Wednesday: Six-pack plan
I wake up when nature calls, 30 minutes before my alarm goes off. I guess my bladder sensed my desire for a productive morning. Coffee and a scan of the New York Times get my day going.
On Wednesdays, I do cardio and abs. Since the beginning of the year, I’ve increased my time on the elliptical from 30 to 40 minutes. This is a big deal for me. Today, I develop mild chest pain after about five minutes, right on schedule. But I don’t stop; I just slow down, technically going against professional advice. Ab workouts are gentler on my heart, but the slow progress I’m making is hard on my ego. I wish I could do a “six-pack in six weeks” plan, but I have to take it easy. At this rate, I might have to settle for a six-pack in six years.
I’m too exhausted to get up when my alarm goes off at 4:30, so I let myself sleep in. I regret it as soon as I finally get out of bed, two hours later. I really wanted to fit in a morning workout, but I don’t have time.
Work isn’t too difficult today, but I’m drained by the time I clock out at 4 p.m., which is typical at this point in the week. I give in to my lethargy and catch a 40-minute power nap. It’s exactly what I need to revive me.
Around 5:30, I head to the gym. I do 40 minutes on the elliptical, but skip weights because the gym is too crowded. Thursday is usually my shoulder-and-back day, but I just don’t have it in me today. I’ve talked to my cardiologist about how sluggish my meds make me, but we’ve already halved my dosage. If I go any lower, the heart palpitations might return. I get why I need medication, but I hate how it makes me feel. I just can’t get used to being tired before the sun goes down.
Friday: Zombie with a reasonable bedtime
Waking up is a struggle for the second day in a row. This time, I blame yesterday’s nap, which made it impossible to fall asleep at night. I try to avoid naps, but it’s hard: When I nap, I get the “oomph” I need to have a great workout, but then I can’t sleep at night. When I don’t nap, I’m a zombie with a reasonable bedtime. In any case, I go straight home after work. Squats and leg presses will have to wait for another day. Tonight I have a work party, so I take another power nap. Otherwise, fatigue might keep me in for the night.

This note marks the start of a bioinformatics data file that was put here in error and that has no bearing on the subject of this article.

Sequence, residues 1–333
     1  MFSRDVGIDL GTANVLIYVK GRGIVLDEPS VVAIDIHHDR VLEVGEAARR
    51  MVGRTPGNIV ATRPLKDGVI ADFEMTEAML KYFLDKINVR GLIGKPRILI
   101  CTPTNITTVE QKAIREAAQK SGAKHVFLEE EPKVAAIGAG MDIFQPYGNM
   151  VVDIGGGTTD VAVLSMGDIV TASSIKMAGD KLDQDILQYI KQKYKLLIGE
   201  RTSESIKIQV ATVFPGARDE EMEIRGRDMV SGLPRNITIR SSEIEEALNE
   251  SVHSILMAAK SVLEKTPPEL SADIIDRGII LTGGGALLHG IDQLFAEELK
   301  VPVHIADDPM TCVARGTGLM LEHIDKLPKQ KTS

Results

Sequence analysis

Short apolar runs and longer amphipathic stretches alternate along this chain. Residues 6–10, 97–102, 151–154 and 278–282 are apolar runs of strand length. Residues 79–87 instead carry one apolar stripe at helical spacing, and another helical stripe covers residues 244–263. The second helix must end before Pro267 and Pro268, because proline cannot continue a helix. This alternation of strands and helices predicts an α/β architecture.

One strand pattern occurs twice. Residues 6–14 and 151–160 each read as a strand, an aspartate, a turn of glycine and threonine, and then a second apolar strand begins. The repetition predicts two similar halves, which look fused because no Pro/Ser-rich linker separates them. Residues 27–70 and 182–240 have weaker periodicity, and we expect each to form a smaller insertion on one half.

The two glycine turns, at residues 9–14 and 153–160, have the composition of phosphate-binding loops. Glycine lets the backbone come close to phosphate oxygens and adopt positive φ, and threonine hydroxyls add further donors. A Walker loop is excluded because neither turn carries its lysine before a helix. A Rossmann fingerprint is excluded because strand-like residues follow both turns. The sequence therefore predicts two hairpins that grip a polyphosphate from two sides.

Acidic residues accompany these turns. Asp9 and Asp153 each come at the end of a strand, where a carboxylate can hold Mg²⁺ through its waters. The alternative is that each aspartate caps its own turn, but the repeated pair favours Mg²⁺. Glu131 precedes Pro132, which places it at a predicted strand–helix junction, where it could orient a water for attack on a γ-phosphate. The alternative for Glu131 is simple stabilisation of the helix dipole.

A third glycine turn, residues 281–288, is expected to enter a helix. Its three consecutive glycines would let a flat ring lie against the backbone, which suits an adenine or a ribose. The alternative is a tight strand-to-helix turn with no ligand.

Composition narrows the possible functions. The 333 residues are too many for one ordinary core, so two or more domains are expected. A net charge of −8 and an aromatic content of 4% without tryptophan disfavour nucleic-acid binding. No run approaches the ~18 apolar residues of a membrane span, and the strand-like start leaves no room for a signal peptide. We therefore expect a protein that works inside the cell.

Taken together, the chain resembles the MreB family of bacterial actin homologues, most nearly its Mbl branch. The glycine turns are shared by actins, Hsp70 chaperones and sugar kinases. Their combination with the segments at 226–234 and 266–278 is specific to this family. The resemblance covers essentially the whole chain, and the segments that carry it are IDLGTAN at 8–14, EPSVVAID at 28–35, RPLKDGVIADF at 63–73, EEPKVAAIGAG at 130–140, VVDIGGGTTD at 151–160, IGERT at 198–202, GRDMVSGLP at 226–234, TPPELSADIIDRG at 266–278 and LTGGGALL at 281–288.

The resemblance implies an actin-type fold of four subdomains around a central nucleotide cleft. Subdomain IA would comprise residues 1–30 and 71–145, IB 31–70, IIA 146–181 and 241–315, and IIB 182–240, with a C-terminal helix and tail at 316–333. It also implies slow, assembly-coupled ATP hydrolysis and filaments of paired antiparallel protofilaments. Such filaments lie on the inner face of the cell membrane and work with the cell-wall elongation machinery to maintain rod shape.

Saturday: Adrenaline pumping
The party was a fun time, but I got home late and fought my way through a rocky night of sleep. Hypertrophic hearts shouldn’t be bathed in alcohol, but open bars are hard to pass up. Another morning cup of coffee and off I go. Usually Saturdays are reserved for cardio and stretching.
When I walk into the gym around 10 a.m., the aroma of energy drinks and sweat gets my adrenaline pumping. I’m ready to work. Back to the elliptical. It takes about 15 to 20 minutes of warming up for endorphins to defeat my heart medication and flood my body. I push through to hit my 40-minute cardio goal. Then I hop off the elliptical and stretch. Interventional radiology is actually pretty hard on the body. I always need to loosen things up after doing procedures (like catheter placements, biopsies and abscess drainages) and wearing 15 pounds of protective lead for five days straight. Sometimes I’ll find a 15-minute yoga video on my phone and follow along.
Sunday: Rest and optimism
Sunday is the one day I take off from working out. I need the break to let my body and my mind reboot. I remember my father having the same complaints come Sunday, constantly saying, “I’m just so tired.” Now I get what he meant.
But he never followed medical advice. He lost trust in the healthcare system when his brother died despite listening to doctors. Somehow, my father chugged along — until he didn’t. He hated talking about his heart condition. He’d cringe to know that I’ve written publicly about it. To him, HCM was an embarrassment. It made him feel weak. It hindered his ambition. But his attitude was shaped by the signals he got from other people; he was turned down for many different jobs after failing health screens.
I’m lucky that my HCM isn’t as severe as his was, but my luck could change. I don’t know how my cardiomyopathy will progress (if at all) over the next few decades, so any long-term plans — my career path, relationships — are shrouded in uncertainty. But I’m trying to be optimistic. Even if I can’t predict everything about the future, at least I know that tomorrow is chest day.